Preparing for Thunderstorms and Lightning

If you live in an area where they’re common, you need to take thunderstorms into consideration as part of your emergency preparedness plans. Several dozen people are injured by lightning strikes every year in the U.S., and more than 300 are killed. Take the time to prepare your home for thunderstorms and their related weather events, and learn how to react when one is approaching.

Preparing Your Home

Getting your house thunderstorm-proof starts with some work outside. If you have trees near your house, make sure to prune dead or rotting limbs off them. These can damage your home or car during the heavy winds that sometimes accompany a thunderstorm.

Anything that could potentially be blown around in a storm, such as trash cans or other items, should be tied down.

When a storm approaches, close your windows and doors. Pull the blinds shut, in case debris breaks a window and sends broken glass flying into the house. If you have storm shutters, pull those shut as well.

Stock Your Home

Make sure you have an emergency supply kit, and maintain or refill it on a regular basis if you use it. You’ll want to have medical supplies and bandages, as well as food, water and other essentials. Thunderstorms often knock trees over, which in turn knock out power lines. You could be without power for several days after a thunderstorm, depending on the amount of damage it does. Take the time to prepare for this, by stocking supplies in advance.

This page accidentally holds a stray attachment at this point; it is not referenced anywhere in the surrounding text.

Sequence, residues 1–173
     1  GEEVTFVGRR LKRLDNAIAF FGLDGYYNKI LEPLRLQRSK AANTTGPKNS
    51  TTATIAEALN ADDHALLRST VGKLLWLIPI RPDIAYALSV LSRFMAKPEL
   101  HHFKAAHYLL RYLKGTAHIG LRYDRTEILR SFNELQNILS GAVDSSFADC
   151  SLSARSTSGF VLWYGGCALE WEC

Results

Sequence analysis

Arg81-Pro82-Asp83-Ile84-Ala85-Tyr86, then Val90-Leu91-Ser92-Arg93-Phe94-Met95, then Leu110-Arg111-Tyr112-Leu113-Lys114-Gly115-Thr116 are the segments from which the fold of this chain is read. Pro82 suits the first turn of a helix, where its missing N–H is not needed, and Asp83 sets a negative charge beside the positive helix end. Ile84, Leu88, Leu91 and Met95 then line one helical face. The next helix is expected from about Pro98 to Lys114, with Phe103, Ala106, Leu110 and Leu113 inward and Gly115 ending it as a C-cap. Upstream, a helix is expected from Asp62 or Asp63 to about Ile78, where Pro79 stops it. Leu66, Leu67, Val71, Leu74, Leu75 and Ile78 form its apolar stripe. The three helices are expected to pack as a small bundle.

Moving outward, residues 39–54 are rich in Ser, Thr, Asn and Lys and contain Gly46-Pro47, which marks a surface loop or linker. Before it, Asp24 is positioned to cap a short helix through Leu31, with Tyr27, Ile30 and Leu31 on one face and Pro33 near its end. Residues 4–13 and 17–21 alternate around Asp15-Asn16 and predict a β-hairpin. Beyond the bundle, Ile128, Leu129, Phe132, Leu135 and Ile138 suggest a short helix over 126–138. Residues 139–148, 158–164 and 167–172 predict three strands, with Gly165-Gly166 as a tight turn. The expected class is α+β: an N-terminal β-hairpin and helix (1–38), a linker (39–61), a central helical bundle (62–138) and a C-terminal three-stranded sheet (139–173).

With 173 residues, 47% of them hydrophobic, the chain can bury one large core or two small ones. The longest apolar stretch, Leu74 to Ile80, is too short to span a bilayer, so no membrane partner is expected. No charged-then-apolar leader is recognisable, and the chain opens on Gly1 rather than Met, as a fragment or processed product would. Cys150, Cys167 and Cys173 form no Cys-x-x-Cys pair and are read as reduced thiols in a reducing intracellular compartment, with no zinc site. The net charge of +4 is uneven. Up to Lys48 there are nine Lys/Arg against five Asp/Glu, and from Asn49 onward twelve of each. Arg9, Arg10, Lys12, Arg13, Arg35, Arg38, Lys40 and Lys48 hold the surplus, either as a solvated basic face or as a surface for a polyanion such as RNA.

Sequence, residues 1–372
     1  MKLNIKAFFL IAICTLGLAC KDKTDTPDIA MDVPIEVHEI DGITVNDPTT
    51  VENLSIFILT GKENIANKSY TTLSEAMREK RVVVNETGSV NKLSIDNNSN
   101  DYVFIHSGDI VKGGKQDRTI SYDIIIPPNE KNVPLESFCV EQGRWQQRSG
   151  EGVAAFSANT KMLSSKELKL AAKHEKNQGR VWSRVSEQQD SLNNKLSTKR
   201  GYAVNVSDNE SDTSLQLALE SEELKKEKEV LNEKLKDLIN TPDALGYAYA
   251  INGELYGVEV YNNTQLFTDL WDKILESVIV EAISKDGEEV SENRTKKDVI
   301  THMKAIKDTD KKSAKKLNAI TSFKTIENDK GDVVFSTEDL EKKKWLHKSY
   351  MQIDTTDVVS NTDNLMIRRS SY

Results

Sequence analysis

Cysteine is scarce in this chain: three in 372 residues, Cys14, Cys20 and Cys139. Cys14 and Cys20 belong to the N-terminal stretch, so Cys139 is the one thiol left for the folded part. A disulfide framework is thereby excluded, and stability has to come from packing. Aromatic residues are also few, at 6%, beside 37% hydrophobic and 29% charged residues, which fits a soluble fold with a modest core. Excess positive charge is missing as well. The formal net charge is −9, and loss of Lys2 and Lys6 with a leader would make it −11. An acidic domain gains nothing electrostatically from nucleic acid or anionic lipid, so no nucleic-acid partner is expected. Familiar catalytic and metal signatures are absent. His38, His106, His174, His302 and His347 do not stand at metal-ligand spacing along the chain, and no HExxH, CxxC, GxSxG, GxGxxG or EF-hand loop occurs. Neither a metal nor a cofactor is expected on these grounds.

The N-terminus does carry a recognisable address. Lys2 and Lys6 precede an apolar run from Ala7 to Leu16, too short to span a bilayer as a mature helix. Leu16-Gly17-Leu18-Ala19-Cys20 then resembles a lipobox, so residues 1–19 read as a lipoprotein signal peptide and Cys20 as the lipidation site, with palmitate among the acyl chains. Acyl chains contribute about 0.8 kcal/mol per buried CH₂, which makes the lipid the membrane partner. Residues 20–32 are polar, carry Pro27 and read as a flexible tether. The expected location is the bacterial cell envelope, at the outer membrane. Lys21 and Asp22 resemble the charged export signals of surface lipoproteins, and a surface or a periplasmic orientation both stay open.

The 30/30 Rule

The “30/30 Rule” is a common term to remember for a thunderstorm. Here’s how it works: Once you see lightning strike, count to 30. If you hear thunder before you reach the number 30, get indoors or to another safe location. Once the storm has passed, don’t go outside until it’s been 30 minutes since the last time you heard thunder.

Listen to Weather Reports

Most people who are hit by lightning get caught outdoors during the summertime. Some of the most common incidents happen when people are hiking or on the golf course.

If you hear a weather report that mentions a “thunderstorm watch,” that means a thunderstorm could potentially happen in your area. If it mentions a “thunderstorm warning,” that means a storm is actually happening or will happen soon. Adjust your plans if you’re going to be working or recreating outside at that time.

Other Threats

Aside from lightning, thunderstorms can cause a number of catastrophic or emergency situations. It’s not uncommon for tornadoes to form in conjunction with a thunderstorm. Strong winds and hail are another danger to watch out for. Lightning strikes can cause wildfires, especially during the dry summer months when they’re more likely to happen. If flash flooding occurs during a thunderstorm, it can lead to mudslides or other hazards.

Those are a few tips on how to prepare for thunderstorms and lightning. Stock up on supplies and emergency items that will help you get by during an extended power outage. Pay attention to weather reports to know if a potential thunderstorm is on the way, and make the necessary preparations before a storm happens in your area.